Would You Live with Your Spouse After Splitting Up?
Couples are changing all the rules of marriage and divorce. Find out how.
Posted August 7, 2019
- Yvette and Leroy were both doctors and, as such, gave to others all day long. When they got home from work in the evening, they continued to give by caring for their two kids, trading off cooking or cleaning up, bath time, or bedtime story reading. By the time they crawled into bed each night, they were spent and had nothing left to give. That's the main reason they believe their relationship suffered. They agreed that, for all intents and purposes, the marriage they once enjoyed had gone by the wayside.
Although the physical aspect of the marriage had disappeared, everything else about their marriage — their friendship and respect for each other, their finances, extended family and their social circles — worked. Both agreed that they didn't want to disrupt the kids' worlds by living in two separate homes. They decided to put off the decision to divorce and keep everything as it was until the kids were older, or one or both of them wanted to get into a new relationship.
- Alexander and Marco were just about to divorce in 2009, after Marco decided he wanted out, when the Recession hit them big time. Before the men could file papers with the court, the market tanked: Their house was upside down and their portfolio was a fraction of what it had been a few years earlier. The men had a little bit of savings but not enough to maintain two households—especially now that their kids had reached high school.
Although they wanted to go through the formalities of a legal divorce and move on with their separate lives, they simply couldn't. They had to hunker down during the financial storm and reassess when the economy calmed down.
- Bob and Tracy were jokingly called "The Bickersons" by friends. The truth is, they fought mercilessly from the first day their oldest child came home from the hospital. Caught in a constant power struggle over who knew best how to care for the kids, this couple was never able to find a peaceful co-existence. They stayed together in this state for eight years but ultimately split up.
If their marriage was tumultuous, their divorce was a nightmare. It drained them of all their assets. By the time all the paperwork was finalized, there was emotional relief, but the financial strain was unsustainable. Something had to give, and that something was the ability to live apart. After the divorce was finalized, they agreed they had no choice but to cohabit once again.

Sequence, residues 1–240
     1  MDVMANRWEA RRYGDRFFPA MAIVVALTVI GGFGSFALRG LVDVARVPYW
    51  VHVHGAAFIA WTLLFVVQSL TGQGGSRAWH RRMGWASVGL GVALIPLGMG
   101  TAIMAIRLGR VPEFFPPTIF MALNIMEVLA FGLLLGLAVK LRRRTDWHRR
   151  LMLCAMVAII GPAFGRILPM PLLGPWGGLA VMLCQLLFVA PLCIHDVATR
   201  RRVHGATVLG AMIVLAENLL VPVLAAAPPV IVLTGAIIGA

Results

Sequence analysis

Different Stories, Same Outcome
Three distinct paths brought each of these couples to the end of their marriages as they knew them, but what they had in common is where they ended up—each of these three pairs continued to live together even after acknowledging that their marriages had expired. In two of the three cases, finances kept them tied; in the other, the primary motivator was not wanting to create upheaval for the kids.
Normally, when people break up, we assume that they will go their separate ways. When they don't, we see it as strange or wrong somehow. But should we, given that it is becoming increasingly common?
The 2008 recession was a game-changer for many couples because they didn't have the means to pay for a divorce and still fund two households. Rather than labeling those who choose this path as wrong, it became the impetus for my designing what I call a Parenting Marriage.
In the 12 years since developing this concept, I have seen an increase in the number of couples choosing to remain in one house despite being technically (or even legally) broken up. Although the scales have not yet tipped to the point of accepting this alternative family structure on a larger scale, I believe, based on what I'm seeing in the media, that we are almost there.
If It's on TV or in the Movies, Does That Make It Okay?
Everybody is influenced by their environment, whether they know it or not. Our most powerful source of influence is the media—in particular, TV and film. Hollywood is often a big part of what determines our cultural norms, regardless of whether the norm is set by a fictitious role a famous actor (or director, producer, etc) is portraying, or whether it's a famous actor's real-life unfolding.